Man, I LOVE my job, I think a big part of that is because it’s not a job. I don’t have a boss. No one tells me what to do that I don’t want to tell me what to do. That doesn’t mean I don’t want people to have insight and authority in my life, it just means it’s all volitional.
But then again, traditional employment with bosses and workplace politics is volitional too, right? A lot of employees have an attitude about their job like there are all kinds of things imposed on them against their will. But that’s not true, is it? If we don’t like it, we always have the choice of quitting. We are not enslaved, they compensate us for our sacrifice.
Everything in our lives is something we either accept or oppose. When it comes to our jobs, we accept the parameters that come with the position we are paid to hold. It’s wholly inappropriate for us to complain and begrudgingly carry out our role because none of that stuff is imposed on us. We accept it or we don’t get hired.
I couldn’t abide a lot of the limitations that came with traditional employment, there were several things about that whole system and structure that rubbed me the wrong way. So I built a few businesses outside of my job on my own time that grew profitable enough for me to quit my full-time job and still be financially stable. (You can find my retirement story here.)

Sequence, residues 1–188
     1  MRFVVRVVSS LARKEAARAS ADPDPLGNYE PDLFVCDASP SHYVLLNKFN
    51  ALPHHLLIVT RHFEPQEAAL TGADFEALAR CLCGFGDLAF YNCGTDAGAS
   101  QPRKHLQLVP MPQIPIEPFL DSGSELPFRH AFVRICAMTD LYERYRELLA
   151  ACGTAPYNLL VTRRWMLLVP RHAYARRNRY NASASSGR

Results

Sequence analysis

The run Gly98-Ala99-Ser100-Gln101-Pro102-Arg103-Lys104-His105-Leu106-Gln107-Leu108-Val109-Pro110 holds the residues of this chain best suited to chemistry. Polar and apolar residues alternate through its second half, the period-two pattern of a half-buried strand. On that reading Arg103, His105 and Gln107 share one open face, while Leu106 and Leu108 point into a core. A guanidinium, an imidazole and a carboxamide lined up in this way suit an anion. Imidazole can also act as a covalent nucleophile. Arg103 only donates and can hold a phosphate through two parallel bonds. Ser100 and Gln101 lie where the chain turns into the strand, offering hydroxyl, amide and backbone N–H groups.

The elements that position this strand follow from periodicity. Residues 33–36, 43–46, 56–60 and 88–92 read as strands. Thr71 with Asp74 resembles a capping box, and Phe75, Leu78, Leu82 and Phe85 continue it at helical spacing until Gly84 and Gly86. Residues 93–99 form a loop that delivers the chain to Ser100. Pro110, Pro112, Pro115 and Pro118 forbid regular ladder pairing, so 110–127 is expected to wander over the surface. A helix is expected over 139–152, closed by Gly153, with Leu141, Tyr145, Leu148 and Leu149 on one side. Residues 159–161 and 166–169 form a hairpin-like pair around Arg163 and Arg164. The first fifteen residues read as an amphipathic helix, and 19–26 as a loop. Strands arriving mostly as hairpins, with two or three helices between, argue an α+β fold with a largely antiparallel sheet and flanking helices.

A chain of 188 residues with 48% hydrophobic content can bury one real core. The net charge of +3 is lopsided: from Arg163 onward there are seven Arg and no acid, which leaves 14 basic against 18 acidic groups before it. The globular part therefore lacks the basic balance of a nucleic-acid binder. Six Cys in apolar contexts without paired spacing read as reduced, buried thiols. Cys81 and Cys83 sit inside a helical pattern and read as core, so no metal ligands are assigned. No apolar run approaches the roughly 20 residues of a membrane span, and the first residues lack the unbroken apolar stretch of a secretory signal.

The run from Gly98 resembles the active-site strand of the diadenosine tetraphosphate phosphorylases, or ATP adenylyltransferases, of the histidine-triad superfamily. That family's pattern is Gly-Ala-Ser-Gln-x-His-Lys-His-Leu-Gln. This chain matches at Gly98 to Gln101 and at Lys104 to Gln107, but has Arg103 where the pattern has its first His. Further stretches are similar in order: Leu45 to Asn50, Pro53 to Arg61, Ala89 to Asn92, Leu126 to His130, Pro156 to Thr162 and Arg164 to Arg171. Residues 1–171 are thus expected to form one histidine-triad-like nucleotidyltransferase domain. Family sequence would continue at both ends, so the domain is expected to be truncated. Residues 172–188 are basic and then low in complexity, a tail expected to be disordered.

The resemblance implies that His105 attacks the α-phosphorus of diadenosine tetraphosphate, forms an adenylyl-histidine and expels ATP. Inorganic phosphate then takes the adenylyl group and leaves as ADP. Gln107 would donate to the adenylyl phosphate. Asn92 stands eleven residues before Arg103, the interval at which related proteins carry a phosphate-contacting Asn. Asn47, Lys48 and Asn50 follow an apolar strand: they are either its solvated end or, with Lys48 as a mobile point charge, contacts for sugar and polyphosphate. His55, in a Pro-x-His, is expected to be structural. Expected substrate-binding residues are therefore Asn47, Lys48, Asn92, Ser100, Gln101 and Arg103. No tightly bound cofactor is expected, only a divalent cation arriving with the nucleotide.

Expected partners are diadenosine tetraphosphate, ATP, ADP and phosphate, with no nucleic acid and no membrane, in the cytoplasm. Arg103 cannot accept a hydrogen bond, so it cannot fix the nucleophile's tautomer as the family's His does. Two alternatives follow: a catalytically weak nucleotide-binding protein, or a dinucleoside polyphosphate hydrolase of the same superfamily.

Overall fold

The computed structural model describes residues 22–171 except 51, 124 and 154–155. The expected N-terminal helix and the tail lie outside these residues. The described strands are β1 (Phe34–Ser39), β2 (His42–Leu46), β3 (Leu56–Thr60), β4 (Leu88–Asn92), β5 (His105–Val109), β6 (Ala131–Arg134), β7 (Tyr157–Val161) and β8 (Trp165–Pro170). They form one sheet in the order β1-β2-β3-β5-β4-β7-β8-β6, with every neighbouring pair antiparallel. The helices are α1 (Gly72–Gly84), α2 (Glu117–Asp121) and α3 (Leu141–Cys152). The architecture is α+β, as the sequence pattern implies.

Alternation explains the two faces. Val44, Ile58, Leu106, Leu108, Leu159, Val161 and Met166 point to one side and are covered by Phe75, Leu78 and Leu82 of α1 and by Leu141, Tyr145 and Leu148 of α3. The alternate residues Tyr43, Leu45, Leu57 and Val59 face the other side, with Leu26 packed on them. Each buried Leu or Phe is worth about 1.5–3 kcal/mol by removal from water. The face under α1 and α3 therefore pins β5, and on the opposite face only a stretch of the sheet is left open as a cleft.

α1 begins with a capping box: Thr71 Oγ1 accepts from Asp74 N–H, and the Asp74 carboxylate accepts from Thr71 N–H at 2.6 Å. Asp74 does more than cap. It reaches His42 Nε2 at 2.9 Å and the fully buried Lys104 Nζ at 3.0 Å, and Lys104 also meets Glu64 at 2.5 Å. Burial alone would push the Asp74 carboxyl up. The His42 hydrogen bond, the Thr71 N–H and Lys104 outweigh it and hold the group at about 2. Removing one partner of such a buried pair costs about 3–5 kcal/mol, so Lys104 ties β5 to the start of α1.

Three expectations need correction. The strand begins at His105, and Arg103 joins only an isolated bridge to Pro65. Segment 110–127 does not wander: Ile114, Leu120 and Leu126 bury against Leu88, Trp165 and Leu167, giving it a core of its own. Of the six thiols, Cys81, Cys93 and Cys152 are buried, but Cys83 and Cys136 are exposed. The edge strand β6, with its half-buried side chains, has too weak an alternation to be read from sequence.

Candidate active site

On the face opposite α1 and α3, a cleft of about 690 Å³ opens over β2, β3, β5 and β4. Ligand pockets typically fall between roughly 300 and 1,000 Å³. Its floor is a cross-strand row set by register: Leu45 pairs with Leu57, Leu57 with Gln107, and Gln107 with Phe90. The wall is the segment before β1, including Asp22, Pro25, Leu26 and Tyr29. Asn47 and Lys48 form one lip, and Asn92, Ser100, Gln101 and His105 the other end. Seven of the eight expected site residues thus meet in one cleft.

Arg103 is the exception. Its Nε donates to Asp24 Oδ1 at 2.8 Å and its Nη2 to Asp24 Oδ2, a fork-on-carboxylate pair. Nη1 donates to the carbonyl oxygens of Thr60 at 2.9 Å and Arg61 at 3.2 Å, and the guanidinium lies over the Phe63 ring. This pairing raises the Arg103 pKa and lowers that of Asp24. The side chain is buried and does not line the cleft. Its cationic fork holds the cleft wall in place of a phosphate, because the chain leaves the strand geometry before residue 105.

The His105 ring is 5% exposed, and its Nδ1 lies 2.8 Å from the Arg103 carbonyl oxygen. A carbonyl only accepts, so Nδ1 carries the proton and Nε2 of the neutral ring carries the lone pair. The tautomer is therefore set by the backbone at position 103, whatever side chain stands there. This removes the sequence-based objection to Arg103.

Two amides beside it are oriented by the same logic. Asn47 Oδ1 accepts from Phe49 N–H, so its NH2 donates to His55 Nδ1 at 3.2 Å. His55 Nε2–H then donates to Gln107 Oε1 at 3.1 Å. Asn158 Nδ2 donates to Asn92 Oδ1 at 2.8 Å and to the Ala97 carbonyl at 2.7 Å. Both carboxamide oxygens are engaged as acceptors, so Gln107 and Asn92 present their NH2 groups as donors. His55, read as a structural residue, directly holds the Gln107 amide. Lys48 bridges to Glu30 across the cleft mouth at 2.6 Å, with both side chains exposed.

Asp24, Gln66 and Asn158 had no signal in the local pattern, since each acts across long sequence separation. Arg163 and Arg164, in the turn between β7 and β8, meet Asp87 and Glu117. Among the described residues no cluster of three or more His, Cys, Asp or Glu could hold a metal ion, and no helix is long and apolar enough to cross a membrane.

Instead of complaining and settling in my undesirable situation, I got to work and changed my situation. I don’t hate traditional employment, I hate powerlessness and small thinking. There is an attitude that comes with someone else dictating our hours and income and lifestyle options that is simply unacceptable for some of us. I couldn’t swing it so I got busy.
Now I actually spend the majority of my “working hours” speaking life into people and working hard to convince them their dreams are worth pursuing, their abilities are up to the task and the world we live in is actually suitable for their hope. Don’t get me wrong, it IS work, (man there are some low-level beliefs out there in the world that people are wrestling with) but it is so rewarding when I get to see that twinkle of hope come back into their eyes and they join the fight against mediocrity and compromise and to stand for something stronger than comfort and convenience. (I’m always open to working with people who want to change their financial situation and are actually looking for a way to do it. You can email me at firstname.lastname@example.org with “opportunity” in the subject line if you’d like to open up that conversation.)
The question really isn’t “Should I have a job or not?” The question actually is, “What am I still alive for?” And then we go and make decisions and put work into building the answer. Whether you’re self-employed, the CEO of a major corporation or you flip hamburgers at McDonald’s, be what you were made to be and don’t let anything occupy space in your heart that tells you your destiny isn’t real or not worth it. It IS real and you must honor it or you’re already dead.